How about a volunteer-oriented social network? (1)

physicsphairy (720718) | more than 5 years ago | (#26519149)

I like volunteering. A while back I started a group (friend/friend's friends/etc.) that would go out on Saturdays and help out.

A major problem, though, was finding places to volunteer. Really the only place we found to reliably volunteer was at a couple of foodbanks (always happy to have people sort cans, etc.). Which is great, but quite dull to be doing every weekend.

Obviously, there are lots of other places/people who could use some help, but since they only need it sporadically there is no way to find out about it. We did manage to get a few other jobs by calling well-known charities, like, we did yard work for Ronald McDonald house. Or played baseball with some kids at an orphanage. However, generally speaking, it is hard for an unaffiliated group of people in my city to find somewhere to volunteer on a weekend.

So what I would propose is building a website with these features:
*Let organizations post volunteer opportunities.
*Allow creation of volunteer groups which allow a group of friends/associates/etc. to plan on working together.
*Filter opportunities based on personal preference. (religion/working with homeless/etc.)

Idealist (0)

Anonymous Coward | more than 5 years ago | (#26519165)


Look no farther then... (1)

FlyingGuy (989135) | more than 5 years ago | (#26519167)

Your local public School. Leave your FOOS/Closed Source prejudices at the door and just help.

My son is in elementary school, and let me tell you these people need all the help they can get. Even if is nothing more then cracking open a printer to clear some scotch tape out of the works or making sure some teachers machine is connected to the correct printer, every little bit helps.

If you can commit to even a few hours a week head to the local middle school or high school and be a proctor, trust me the teachers will take all the help they can get.

You have to go through a little BS to be a volunteer, but once you do in your local school district it will come back to you 10 fold, even if that payback is nothing more then the satisfaction that you are contributing to your community.

Why not roll up your sleeves? (1)

Jaro (4361) | more than 5 years ago | (#26519169)

Why not roll up your sleeves? I work at my desk all day (programming) and sometimes take small manual labor jobs or volunteer where I actually get outside. It's really good for a change sometimes.

I've also volunteered my time developing software for non-profit organizations (closed source) but that's always a never ending story. At some point they need new features, need something changed and you'll be the person to speak to at all times. It really pulls you in. Working on open source is a different story, I appreciate doing that.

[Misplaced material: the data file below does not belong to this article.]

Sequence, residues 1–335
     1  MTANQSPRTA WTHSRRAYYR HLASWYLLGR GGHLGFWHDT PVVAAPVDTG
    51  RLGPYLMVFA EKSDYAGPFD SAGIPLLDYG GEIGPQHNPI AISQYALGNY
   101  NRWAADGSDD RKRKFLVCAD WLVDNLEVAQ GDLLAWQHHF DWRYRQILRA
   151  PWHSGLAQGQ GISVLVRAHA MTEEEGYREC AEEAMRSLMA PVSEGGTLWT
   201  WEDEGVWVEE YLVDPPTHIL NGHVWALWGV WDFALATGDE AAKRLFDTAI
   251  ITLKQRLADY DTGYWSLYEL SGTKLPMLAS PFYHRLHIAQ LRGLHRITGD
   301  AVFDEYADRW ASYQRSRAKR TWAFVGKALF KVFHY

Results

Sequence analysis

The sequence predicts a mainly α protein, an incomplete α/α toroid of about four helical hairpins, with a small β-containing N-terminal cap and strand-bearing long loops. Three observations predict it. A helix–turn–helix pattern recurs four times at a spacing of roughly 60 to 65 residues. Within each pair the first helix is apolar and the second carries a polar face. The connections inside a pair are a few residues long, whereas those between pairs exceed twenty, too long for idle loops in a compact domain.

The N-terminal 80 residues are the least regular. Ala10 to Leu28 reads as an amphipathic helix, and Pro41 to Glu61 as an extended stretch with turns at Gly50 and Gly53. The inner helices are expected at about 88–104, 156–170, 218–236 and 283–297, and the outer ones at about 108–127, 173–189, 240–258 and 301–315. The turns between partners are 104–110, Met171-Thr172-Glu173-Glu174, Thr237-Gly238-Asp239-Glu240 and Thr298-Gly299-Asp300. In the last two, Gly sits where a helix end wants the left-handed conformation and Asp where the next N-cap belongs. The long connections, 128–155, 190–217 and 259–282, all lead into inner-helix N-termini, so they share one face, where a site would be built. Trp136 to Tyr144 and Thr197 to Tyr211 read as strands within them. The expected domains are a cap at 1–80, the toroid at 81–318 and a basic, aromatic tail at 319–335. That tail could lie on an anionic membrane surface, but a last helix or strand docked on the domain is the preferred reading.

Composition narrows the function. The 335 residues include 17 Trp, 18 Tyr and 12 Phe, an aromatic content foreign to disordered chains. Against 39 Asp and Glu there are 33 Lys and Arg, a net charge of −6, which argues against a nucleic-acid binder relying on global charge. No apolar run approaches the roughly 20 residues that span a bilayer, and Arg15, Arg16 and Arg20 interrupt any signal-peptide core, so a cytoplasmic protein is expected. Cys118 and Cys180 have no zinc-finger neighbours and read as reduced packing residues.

The Most Important Thing You Can Do (1)

David Greene (463) | more than 5 years ago | (#26519223)

If you really want to change things and make technology more accessible, go do some work up at your state capitol. We need technologically-savvy people in the political realm to advocate for systemic change so we don't have pockets of people left behind the technology wave.

Find a local organization already working on social justice issues, whether racial or economic. Organize a campaign to address some need in your area. Perhaps it's affordable access to broadband. Or maybe it's sufficient funding for urban schools to upgrade technology and create computing curricula.

Remember that the real issue is not technology. It's justice. All of the technology in the world will do no good unless people have access to transportation, education and health. Technology is important. Just remind yourself that getting people engaged in and comfortable with technology is going to take a lot more than some tutoring sessions.

Create a public life for yourself. Get involved in politics. You'll find that the relationships you create will allow you to move beyond your initial campaign and into making real change in all sorts of areas.

And recognize that in the work you will be changed as well.

Basic Stuff (1)

beadfulthings (975812) | more than 5 years ago | (#26519237)

Really basic stuff--certainly far beneath your capabilities and/or interests, but so important:

1) If a group has computers, volunteer to keep them patched, updated, and malware-free. Teach someone to do the same.
2) If a group needs a Web presence, offer to set them up with a blog or simple CMS. Commit to keep it updated and invader-free. Teach someone to do the same. Teach someone to update it/post to it.
3) Teach some office-related skills--word processor, spreadsheet, yadda--in a friendly, non-judgmental way. Consider people trying to find jobs or improve their situations. Your local women's shelter is another possibility.
4) Use your contacts--and you have more than you know--to keep an eye out for reasonably up-to-date hardware that can be slotted in for old, creaky hardware.
5) Find out who in your area is fostering small-scale entrepreneurs. Offer to give a class or two on best practices.

The opportunities are endless. I've done each one of them at some point over a long-ish career. The one I'm into now is #2. It takes about 45 minutes to an hour of my time each week.